Someone, she said, suggested that a couple weigh the “risk” of having a child, which God calls a “blessing” against the possibility of killing a child, “an act that God calls an abomination, whether in or out of the womb.”
“God’s gifts are not always timed according to your preferences and convenience,” she said. “Some short-sighted mothers and fathers decide that the family or baby or the world would be better off if conception or birth does not occur. They refuse the grace God offers to fulfill His challenges and validate His promises (Mk. 10:27).”
Even if a child is unplanned by parents, she said, it doesn’t mean he or she isn’t planned by God. Even an unplanned child, she said, can be a blessing.
“I do not feel that it is my responsibility to convince people not to use the Pill,” she concluded. “However, I do want to provide other women with the tools necessary to make an informed decision rather than one based on disinformation or ignorance. The moral issues surrounding use of the pill are difficult and are noticeably more ‘gray’ than many issues concerning the sanctity of human life. In matters of conscience, one must allow others grace to make their own decisions before God.”
Patterson isn’t the first influential Southern Baptist to question the denomination’s traditional hands-off attitude toward birth control. Albert Mohler, president of Southern Baptist Theological Seminary, in 2003 termed deliberate childlessness by married couples “moral rebellion” against God’s design. In a radio broadcast last year, Mohler lamented a “contraceptive mentality” that regards pregnancy as “equivalent to a disease.”
Southern Baptist leaders including Timothy George, David Dockery, David Gushee and Rick Warren signed a document with Catholic leaders last fall listing birth control in a consensus statement on building a “culture of life.”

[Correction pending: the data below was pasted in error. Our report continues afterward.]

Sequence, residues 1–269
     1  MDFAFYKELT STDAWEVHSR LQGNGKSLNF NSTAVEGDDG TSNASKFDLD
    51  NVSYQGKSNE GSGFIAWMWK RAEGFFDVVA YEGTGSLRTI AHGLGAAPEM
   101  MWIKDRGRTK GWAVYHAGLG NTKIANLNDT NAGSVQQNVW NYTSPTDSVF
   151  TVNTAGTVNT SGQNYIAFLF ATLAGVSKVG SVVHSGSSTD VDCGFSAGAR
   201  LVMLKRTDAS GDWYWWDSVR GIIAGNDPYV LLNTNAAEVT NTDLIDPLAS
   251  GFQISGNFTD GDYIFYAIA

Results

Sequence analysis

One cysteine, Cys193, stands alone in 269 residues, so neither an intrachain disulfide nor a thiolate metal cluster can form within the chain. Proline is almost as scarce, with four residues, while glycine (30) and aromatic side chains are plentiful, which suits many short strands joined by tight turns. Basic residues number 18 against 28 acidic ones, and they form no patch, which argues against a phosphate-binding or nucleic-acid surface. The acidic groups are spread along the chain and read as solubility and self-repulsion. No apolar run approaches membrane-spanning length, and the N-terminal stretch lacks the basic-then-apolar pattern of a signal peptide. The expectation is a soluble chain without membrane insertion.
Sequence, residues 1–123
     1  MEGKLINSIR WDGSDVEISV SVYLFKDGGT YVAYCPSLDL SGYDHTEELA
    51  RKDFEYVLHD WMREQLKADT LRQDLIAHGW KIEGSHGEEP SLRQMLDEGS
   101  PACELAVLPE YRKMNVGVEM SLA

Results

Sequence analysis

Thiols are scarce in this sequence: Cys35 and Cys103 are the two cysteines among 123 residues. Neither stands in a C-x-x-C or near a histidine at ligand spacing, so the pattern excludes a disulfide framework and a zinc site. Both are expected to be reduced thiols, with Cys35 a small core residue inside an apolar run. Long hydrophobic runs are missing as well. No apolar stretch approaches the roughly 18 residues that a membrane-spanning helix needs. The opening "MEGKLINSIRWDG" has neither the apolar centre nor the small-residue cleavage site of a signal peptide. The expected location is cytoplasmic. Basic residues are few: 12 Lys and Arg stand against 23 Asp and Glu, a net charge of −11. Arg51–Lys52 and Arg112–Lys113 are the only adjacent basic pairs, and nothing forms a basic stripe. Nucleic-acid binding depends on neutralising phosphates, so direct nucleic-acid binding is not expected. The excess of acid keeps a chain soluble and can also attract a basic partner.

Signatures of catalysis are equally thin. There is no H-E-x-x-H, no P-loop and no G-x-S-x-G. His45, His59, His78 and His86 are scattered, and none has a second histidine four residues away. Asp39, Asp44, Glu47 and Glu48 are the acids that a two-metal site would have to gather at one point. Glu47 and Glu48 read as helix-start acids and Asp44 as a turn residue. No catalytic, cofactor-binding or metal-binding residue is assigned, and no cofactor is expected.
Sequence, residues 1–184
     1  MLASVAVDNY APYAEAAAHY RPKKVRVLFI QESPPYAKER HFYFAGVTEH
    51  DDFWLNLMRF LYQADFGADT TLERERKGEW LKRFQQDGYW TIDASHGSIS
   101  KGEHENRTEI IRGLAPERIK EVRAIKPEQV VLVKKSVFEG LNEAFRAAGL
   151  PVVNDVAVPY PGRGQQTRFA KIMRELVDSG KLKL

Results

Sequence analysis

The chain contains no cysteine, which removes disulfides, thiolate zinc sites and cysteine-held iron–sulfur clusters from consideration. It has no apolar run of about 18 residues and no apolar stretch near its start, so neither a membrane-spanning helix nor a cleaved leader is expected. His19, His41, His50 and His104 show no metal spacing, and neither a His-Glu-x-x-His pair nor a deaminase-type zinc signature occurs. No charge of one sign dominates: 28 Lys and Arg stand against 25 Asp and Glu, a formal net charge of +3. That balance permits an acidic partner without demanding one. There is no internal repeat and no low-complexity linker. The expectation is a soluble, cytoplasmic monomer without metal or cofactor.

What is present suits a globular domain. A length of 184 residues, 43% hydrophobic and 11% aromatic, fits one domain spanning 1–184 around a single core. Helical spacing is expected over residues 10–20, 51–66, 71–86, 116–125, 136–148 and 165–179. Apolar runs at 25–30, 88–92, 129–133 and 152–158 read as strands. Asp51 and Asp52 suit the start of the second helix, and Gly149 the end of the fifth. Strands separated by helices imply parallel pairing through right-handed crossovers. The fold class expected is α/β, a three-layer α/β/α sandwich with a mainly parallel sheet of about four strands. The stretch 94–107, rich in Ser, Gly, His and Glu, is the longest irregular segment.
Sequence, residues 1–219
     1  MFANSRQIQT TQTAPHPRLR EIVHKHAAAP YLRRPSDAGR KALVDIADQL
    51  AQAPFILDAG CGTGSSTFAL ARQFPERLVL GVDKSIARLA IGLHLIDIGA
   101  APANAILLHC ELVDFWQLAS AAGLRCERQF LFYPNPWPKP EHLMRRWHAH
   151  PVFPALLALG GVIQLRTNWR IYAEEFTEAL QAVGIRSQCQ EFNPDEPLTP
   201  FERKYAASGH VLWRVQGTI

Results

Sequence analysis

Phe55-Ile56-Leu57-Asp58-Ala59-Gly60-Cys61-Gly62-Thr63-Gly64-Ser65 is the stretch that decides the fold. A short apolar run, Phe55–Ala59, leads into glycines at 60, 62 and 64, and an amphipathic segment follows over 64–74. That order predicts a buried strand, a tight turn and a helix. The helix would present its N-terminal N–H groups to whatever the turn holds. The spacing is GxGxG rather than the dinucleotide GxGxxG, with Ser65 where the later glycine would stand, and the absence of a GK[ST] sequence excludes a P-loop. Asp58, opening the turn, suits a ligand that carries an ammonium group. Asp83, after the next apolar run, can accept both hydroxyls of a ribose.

“[W]hile we are not agreed on the moral permissibility of artificial contraception, we recognize the sad effects of a widespread ‘contraceptive mentality’ that divorces sexual love from procreation and views children as a burden to be avoided rather than as a gift to be cherished,” says the statement by Evangelicals and Catholics Together.
Some Baptists subscribe to a “full quiver” movement that leaves family planning up to God.
Four years ago, while at Southeastern Baptist Theological Seminary, Paige and Dorothy Patterson complained about missionaries in training by the International Mission Board being asked to use a breast pump and allow nursery workers to give bottled milk to babies while their mothers finished a tight schedule of training. The issue, according to a blogging IMB trustee who doesn’t identify the Patterson’s by name, “was not that the mothers were not allowed to feed their children naturally, but that ‘artificial’ means of feeding were being employed at the IMB–a method not designed by God.” EthicsDaily.com confirmed their identity with another knowledgeable source.
Bob Allen is managing editor of EthicsDaily.com.